console.log(chain.getLatestBlock());
        }else{
        	// It is ahead.. we are therefore a few behind, request the whole chain
        	console.log('requesting chain');
        	broadcastMessage(REQUEST_CHAIN,"");
        }
    }

Reloading up our two test nodes on different ports and running the following on node 1

http://localhost:3003/spawnBrew/barry
http://localhost:3003/spawnBrew/bob

Node 2 successfully recieves the new blocks and adds them to it’s chain

2nodes4

Next we will add in our request chain functionality

...
	const CHAIN = "CHAIN";
...
    const messageHandler = (connection) =>{
        connection.on('message', (data) => {
            const msg = JSON.parse(data);
            switch(msg.event){
            	case REQUEST_CHAIN:
                    connection.send(JSON.stringify({ event: CHAIN, message: chain.getChain()}));
                    break;                  
                case BLOCK:
                    processedRecievedBlock(msg.message);
                    break;  
                case CHAIN:
                    processedRecievedChain(msg.message);
                    break;  
...
    const processedRecievedChain = (blocks) => {
        let sortedBlocks = blocks.sort((block1, block2) => (block1.index - block2.index))

        //Is the chain valid
        console.log('recieved a chain');
        console.log(sortedBlocks);
    }

Our server now recieves the requested chain, sorted. Before replacing our own chain for this one, we to verify it is a valid chain…

Before we do that though, I am going to implement a basic Proof of Work (for the sake of it)

Proof of work

In replacing our chain with the have the issue of consensus and knowing which chain is the ‘truth’. With blockchain, one way of helping do this is to add in the concept of ‘proof of work’. This requires a computational task to be carried out in order to generate (mine) a new block, the proof of this computation (called a nonce) is then stored in the block.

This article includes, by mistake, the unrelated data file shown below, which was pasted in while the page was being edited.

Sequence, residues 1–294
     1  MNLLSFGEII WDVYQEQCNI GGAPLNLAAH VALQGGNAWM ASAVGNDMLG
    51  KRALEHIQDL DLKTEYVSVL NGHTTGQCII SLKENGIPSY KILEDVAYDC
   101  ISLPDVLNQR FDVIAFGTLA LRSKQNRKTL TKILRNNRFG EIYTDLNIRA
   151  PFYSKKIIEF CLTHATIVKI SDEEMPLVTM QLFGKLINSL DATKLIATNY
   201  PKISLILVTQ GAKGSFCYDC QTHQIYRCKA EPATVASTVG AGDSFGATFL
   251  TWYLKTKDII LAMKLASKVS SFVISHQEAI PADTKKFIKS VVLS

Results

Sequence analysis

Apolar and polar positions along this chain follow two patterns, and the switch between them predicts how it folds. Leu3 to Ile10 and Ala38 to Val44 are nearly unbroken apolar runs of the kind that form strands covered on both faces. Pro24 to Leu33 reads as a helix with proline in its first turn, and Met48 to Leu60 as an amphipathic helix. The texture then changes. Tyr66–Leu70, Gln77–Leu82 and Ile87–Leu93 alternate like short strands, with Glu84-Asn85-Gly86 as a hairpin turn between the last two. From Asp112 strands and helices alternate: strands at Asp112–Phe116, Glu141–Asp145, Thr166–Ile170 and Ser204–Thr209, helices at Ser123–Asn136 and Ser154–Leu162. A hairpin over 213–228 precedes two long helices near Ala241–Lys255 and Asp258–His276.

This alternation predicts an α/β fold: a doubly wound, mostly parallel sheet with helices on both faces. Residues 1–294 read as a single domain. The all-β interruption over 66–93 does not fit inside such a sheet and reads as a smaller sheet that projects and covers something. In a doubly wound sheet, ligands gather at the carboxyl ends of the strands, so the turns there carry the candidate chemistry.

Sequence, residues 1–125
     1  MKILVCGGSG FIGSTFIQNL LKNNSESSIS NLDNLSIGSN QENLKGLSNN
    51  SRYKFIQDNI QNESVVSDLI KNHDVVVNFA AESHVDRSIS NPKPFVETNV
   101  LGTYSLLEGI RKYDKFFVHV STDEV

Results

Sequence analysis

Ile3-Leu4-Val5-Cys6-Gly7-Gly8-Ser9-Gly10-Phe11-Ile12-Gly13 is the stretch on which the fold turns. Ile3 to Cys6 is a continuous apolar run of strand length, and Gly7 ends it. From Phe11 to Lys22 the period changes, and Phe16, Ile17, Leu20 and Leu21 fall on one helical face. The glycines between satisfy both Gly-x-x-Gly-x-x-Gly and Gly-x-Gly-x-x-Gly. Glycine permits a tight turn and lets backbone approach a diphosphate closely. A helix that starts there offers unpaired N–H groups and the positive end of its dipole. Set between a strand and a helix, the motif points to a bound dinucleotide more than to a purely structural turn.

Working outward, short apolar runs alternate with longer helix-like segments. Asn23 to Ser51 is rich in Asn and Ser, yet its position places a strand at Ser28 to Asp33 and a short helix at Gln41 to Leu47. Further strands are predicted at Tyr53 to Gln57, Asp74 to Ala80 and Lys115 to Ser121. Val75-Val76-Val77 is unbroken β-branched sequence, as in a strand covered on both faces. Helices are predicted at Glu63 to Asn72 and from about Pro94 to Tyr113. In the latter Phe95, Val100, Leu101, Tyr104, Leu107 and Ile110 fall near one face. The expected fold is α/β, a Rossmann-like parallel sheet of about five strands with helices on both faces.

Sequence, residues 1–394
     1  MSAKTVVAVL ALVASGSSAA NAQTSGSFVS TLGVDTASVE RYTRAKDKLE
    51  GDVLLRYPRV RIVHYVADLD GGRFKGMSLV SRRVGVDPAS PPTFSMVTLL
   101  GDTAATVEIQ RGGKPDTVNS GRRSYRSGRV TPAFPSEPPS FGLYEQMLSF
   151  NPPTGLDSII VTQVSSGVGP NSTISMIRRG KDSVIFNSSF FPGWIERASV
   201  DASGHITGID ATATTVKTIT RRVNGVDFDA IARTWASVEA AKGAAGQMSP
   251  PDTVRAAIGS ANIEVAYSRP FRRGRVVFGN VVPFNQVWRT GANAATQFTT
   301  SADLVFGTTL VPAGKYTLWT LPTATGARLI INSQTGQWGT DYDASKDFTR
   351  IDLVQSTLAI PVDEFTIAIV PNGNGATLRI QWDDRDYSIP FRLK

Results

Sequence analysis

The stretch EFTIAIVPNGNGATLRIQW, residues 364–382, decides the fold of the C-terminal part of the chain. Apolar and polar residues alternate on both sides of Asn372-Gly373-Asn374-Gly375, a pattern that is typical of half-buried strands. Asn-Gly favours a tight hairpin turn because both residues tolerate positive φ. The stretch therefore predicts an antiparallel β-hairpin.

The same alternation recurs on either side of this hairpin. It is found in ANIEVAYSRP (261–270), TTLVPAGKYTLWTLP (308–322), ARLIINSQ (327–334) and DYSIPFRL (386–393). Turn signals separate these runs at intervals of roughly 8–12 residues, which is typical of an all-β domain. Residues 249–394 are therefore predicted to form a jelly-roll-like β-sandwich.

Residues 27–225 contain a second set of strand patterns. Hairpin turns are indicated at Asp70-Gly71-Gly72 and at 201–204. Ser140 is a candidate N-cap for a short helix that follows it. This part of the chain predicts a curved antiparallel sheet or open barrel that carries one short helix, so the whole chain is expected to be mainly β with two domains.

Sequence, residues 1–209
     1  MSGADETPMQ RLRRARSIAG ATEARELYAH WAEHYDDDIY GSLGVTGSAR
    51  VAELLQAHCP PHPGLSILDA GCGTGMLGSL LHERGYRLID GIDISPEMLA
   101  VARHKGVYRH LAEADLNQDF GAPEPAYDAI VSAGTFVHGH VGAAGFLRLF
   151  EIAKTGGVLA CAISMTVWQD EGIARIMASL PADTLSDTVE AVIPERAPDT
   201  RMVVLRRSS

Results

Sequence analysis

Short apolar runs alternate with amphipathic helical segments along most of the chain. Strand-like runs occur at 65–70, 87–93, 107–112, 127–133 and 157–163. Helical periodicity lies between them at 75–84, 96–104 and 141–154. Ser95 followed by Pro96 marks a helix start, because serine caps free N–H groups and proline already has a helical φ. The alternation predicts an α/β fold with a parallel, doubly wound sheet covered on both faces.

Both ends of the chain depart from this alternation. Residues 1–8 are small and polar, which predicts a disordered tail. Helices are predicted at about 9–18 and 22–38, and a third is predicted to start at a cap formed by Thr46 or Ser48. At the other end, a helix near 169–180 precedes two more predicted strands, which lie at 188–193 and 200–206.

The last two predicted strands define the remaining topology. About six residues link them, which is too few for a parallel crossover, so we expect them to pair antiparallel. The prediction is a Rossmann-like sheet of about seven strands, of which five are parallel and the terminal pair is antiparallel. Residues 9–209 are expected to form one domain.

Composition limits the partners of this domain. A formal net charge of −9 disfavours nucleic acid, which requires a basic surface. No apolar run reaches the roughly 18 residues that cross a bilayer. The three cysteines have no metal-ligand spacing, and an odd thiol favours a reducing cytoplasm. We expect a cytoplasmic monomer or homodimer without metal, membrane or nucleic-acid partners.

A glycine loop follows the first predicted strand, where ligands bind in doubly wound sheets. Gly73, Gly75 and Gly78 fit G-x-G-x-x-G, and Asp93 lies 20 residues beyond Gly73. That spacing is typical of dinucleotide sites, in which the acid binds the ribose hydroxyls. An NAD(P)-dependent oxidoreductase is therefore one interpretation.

The purpose of this is to add a time(energy) consuming element/puzzle into the process of creation, which is easy for others to verify as correct.

Without this, it would be possible to spam the chain by creating a lot of blocks quickly and attempt to replace it with a chain that is longer.

The inputs to this computational task are the based on the data of the previous block/block to be formed, and an integer which is our ‘guess’.

A common way of doing this is to iterate, incrementing an integer x. In each iteration we hash our block together with x. The computation is successful when the trailing characters of the resulting hash string have 3 zeroes (or more to increase the difficulty).

Ok, to implement this we’ll begin by adding the nonce property to our genesis block

        genesisBlock = { 
            index: 0
          , timestamp: 1511818270000
          , data: 'our genesis data'
          , previousHash: "-1"
          , nonce: 0
        };

We’ll also alter our create hash function to take into account the nonce

    function createHash({ timestamp, data, index, previousHash, nonce }) {
        return Crypto.createHash('SHA256').update(timestamp+data+index+previousHash+nonce).digest('hex');
    }

Next we will alter our create block method to include a default nonce of 0. We’ll then add a new method proofOfWork, this is going to create a hash of the block. It will then examine to see if the last 3 characters of the blocks hash have 3 trailing zeroes, if not it will increment the nonce within the block and try again until it is successful before finally returning the block.

const BrewChain = function() {